When I finished writing “Talk to Her” and looked at Pina’s face again, with her eyes closed, and at how she was dressed in a flimsy slip, her arms and hands outstretched, surrounded by obstacles (wooden tables and chairs), I had no doubt that it was the image which best represented the limbo in which my story’s protagonists lived. Two women in a coma who, despite their apparent passivity, provoke the same solace, the same tension, passion, jealousy, desire and disillusion in men as if they were upright, eyes wide open and talking a mile a minute.
Around that time, I saw “Masurca Fogo” in Barcelona and was struck by its vitality and
optimism, its bucolic air and those unexpected images of painful beauty which made me
cry, like Marco, from pure pleasure. Not to mention the “sighing beginning,” which I had
to reduce for narrative reasons. I’m referring to the beginning of the piece: A woman (Ruth Amarante) appears on a diaphanous stage, her hair is hanging loose and she’s wearing an ankle length flowered dress. She picks up a 70s style microphone and holds it up to her mouth. It looks as if she’s going to sing or talk, but she doesn’t do either. After filling her lungs with air in a suspense-filled silence, she lets out a long, deep sigh. This is followed by another sigh… and another.
“Masurca Fogo” begins with the sadness of the absent Benigno (the sighs) and unites the surviving couple (Marco and Alicia) through a shared bucolic emotion: several couples are dancing in the country to the rhythm of a Cabo Verde mazurca, also accompanied by the sound of a little waterfall which flows miraculously from the grass in all its splendor. If I had asked for it specifically I couldn’t have got anything better. Pina Bausch had unknowingly created the best doors through which to enter and leave “Talk to Her.”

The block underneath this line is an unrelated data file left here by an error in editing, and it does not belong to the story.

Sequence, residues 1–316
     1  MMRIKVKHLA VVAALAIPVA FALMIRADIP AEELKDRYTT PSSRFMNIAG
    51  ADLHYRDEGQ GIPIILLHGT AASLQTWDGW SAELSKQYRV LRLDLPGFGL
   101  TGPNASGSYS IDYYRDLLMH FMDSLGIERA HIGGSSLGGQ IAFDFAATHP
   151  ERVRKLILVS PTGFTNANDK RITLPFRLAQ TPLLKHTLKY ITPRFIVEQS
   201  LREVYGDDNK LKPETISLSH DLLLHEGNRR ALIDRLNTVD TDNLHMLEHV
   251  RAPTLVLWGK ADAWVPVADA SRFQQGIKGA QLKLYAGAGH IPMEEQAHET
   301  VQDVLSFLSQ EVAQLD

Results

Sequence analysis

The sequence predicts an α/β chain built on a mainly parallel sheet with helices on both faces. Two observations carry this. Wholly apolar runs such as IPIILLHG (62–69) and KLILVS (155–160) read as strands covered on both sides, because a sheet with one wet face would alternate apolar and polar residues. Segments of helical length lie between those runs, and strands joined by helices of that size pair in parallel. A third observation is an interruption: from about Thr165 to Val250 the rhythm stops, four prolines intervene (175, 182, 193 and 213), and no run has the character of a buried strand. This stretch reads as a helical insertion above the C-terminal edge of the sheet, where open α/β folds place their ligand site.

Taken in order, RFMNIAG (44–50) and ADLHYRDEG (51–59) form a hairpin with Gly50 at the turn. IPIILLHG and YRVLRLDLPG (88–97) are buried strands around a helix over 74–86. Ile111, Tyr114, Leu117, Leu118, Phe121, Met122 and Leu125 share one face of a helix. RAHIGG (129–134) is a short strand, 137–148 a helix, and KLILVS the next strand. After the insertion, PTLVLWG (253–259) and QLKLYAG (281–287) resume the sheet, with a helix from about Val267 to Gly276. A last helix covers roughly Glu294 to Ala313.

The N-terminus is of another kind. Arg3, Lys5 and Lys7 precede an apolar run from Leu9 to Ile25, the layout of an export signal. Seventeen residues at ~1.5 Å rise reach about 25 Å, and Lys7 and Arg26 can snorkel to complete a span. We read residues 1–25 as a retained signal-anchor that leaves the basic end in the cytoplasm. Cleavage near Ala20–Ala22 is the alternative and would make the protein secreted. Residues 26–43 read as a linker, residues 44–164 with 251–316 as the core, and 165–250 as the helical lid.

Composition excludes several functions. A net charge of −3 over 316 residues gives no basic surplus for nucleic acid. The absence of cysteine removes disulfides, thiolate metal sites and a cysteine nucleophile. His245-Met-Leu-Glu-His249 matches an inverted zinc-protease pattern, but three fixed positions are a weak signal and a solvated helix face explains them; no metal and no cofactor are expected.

At the height of the promotional campaign for “The Flower of My Secret,” we landed in Río de Janeiro, after dragging ourselves through TV interview sets, premieres and crowded parties in New York, Los Angeles, Miami and Sao Paulo. With the enthusiasm of a zombie, I looked out my hotel window at an explosive view of Río. I didn’t want to move in the next hours, I couldn’t. Worn out, brain damaged from various attacks of jetlag (overpowered by the typical sensation of emptiness and in constant battle with Rossy de Palma because she was really excited by Brazil and only wanted to go partying), I was informed that we had a commitment: we were invited to the home of Caetano Veloso.
I already adored Caetano’s music although I didn’t know him personally, but in my physical and psychic state, the idea of moving, mingling with strangers, talking or listening, meant an effort verging on martyrdom. I tried to wriggle out of the commitment in the hotel, alleging an obvious and real affliction; but Chema Prado, who was accompanying Marisa Paredes, completely ignored my protests with that very Galician deafness of his and dragged me to Caetano’s house by force. I’m grateful to him now. Caetano had just performed in Sao Paulo, he’d recorded the concert which would become “Fina estampa ao vivo” and, as a curiosity, he played for us his version (it’s a reinvention rather than a version) of “Cucurrucucú paloma” and suddenly all my ills disappeared. From that moment I wanted to include the song in one of my films. That’s the other dream that has come true.
In “Talk to Her,” Caetano himself sings it live, accompanied by the maestro Morelenbaum. As we couldn’t bring the whole orchestra, the version which appears in the film is even more stylized, heartrending and intimate than the one he played in Sao Paulo.